(INDIANAPOLIS) — Police have named a man who died in 2013 as the serial killer responsible for the deaths of three women in the late 1980s.

Harry Edward Greenwell was identified as the man known as the “I-65” or “Days Inn” killer, an elusive figure who killed three motel clerks along Interstate 65 in Indiana and Kentucky, Indiana State Police spokesperson Sgt. Glen Fifield told reporters at a news conference Tuesday.


The case began on Feb. 21, 1987, after the murder of Vicki Heath, a 41-year-old mother who would had recently gotten engaged and was working the night shift at the Super 8 motel in Elizabethtown, Kentucky, Fifield said. By March 3, 1989, Indiana State Police were investigating two more murders that occurred under similar circumstances on the same day Heath was killed, Fifield said.

Margaret Gill, also known as Peggy Gill, was murdered while working the night shift at the Days Inn in Merrillville, Indiana, while Jean Gilbert was murdered while working the night shift at the Days Inn in Remington, Indiana, Fifield said. Gill, who was 24 at the time, had been promoted from maid to night auditor, while Gilbert, a mother of two, had traded shifts to watch her daughter’s last game as a cheerleader, the Indy Star reported.

The women were raped before they were killed, the Indy Star reported.


On Jan. 2, 1990, a clerk working in the Days Inn in Columbus, Indiana, was attacked in a similar manner as the previous three victims, but she was able to escape her attacker and survived, later giving authorities “an excellent physical description of the suspect and details of the crime,” Fifield said. The clerk was sexually assaulted and stabbed in the attack, the Indy Star reported.

The primary factor that linked the four cases together was the proximity to Interstate 65. Numerous pieces of forensic evidence were collected and preserved to include DNA, clothing, hairs, fibers and ballistic evidence from the cases, allowing investigators to match ballistic evidence linking the Gill and Gilbert murders and to later match DNA evidence linking the Heath and Gilbert murders to the case of the surviving victim, Fifield said.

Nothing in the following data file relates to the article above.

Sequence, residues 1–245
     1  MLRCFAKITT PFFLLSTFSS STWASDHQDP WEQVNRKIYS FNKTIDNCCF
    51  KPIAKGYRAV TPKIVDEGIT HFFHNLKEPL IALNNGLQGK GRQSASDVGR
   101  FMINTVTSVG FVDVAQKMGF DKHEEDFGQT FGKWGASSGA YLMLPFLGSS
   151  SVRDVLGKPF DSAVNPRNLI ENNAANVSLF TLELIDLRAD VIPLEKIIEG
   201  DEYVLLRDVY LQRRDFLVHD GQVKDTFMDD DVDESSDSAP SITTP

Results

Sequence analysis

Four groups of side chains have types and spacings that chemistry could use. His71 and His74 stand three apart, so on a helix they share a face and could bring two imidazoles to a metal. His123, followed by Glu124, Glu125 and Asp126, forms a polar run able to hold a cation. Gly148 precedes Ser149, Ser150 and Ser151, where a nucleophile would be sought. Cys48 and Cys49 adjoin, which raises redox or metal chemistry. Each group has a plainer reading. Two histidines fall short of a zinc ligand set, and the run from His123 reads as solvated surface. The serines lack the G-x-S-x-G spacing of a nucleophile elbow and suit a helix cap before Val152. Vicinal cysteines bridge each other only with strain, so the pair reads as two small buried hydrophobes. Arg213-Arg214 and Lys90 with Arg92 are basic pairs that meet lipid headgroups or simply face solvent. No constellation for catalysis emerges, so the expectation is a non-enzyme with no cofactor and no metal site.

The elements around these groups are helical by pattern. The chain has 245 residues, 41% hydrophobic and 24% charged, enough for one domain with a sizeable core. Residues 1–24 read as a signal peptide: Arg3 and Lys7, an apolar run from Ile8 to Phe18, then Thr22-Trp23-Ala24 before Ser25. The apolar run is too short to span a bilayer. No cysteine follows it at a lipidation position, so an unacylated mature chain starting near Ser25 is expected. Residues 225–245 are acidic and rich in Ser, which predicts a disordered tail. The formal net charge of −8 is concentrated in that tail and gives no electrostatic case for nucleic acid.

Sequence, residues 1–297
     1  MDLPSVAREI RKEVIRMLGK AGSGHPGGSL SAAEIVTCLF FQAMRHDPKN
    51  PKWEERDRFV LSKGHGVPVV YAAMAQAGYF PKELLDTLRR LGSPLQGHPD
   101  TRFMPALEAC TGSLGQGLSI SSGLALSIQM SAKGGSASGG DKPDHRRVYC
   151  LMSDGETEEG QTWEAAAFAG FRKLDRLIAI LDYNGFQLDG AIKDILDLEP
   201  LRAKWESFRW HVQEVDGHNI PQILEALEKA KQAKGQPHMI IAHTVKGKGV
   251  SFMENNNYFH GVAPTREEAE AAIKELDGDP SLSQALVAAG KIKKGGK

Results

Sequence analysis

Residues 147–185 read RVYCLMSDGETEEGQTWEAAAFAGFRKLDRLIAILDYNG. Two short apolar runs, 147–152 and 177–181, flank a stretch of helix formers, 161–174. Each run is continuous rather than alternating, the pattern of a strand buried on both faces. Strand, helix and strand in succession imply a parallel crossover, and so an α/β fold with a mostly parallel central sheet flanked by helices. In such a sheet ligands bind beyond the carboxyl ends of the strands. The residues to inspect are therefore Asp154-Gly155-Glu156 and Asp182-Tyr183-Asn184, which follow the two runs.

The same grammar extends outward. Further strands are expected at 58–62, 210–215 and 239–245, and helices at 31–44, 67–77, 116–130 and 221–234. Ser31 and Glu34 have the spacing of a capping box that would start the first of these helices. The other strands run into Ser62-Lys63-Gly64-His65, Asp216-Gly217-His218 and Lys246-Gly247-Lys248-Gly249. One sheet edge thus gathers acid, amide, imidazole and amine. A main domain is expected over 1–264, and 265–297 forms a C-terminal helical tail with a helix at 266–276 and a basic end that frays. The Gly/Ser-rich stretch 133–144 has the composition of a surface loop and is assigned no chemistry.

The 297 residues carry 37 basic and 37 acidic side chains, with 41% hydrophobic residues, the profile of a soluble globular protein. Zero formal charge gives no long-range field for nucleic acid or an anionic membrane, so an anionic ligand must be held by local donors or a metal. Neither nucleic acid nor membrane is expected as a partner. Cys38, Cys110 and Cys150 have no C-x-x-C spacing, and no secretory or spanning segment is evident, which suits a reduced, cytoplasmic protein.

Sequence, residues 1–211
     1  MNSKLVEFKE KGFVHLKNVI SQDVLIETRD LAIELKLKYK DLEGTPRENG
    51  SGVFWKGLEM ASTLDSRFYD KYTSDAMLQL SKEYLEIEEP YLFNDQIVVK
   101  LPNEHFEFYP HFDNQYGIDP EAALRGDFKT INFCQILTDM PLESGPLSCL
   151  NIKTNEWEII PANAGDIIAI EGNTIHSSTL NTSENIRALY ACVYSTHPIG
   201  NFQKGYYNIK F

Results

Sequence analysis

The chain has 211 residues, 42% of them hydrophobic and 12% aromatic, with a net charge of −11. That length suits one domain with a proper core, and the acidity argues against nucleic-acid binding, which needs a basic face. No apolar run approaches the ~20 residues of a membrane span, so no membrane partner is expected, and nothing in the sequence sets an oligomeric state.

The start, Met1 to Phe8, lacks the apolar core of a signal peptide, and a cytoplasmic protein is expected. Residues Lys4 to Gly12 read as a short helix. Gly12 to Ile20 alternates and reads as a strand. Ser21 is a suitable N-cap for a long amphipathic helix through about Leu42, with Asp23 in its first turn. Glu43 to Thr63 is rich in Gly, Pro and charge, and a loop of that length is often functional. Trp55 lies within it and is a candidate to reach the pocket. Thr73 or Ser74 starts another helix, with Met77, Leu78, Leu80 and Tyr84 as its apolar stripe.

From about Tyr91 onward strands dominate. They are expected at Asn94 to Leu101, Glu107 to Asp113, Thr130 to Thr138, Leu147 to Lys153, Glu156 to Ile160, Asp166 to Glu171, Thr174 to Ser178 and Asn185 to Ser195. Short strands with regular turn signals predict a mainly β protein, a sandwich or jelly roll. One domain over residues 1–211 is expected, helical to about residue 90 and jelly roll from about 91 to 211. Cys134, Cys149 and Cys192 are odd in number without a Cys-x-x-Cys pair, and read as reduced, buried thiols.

Decades after the murders took place, Indiana State Police and the FBI were able to use genetic genealogy to generate investigative leads on the killer. Greenwell — who was born on Dec. 9, 1944, and died in January 2013 — had an “extensive criminal history” and had been “in and out of prison several times,” Fifield said.


Investigators were able to put together a timeline of Greenwell’s movements through police reports, newspaper archives and “some self-reporting by him” Fifield said. Greenwell is feared to be responsible for additional murders, rapes, robberies and assaults stretching from Gary, Indiana, down to Mobile, Alabama, the length of Interstate 65, Fifield said.

Indiana State Police Superintendent Doug Carter addressed the family members of the victims, saying he hopes the announcement “might bring a little bit of solace to you to know that the animal that did this is no longer on this earth.”

Carter described the decadeslong investigation as a “relentless and dogged pursuit” that had detectives chasing leads all over the country. Advances in technology finally allowed investigators to solve the cold case, Carter said.


“It’s amazing what happens over the course of generations,” Carter said. “There’s detectives in this very room that have been involved in this in some form or another, literally for generations. And they’re owed a debt of gratitude that we could never possibly repay. But, you know, their effort was for you.”

ABC News’ Ahmad Hemingway and Beatrice Peterson contributed to this report.

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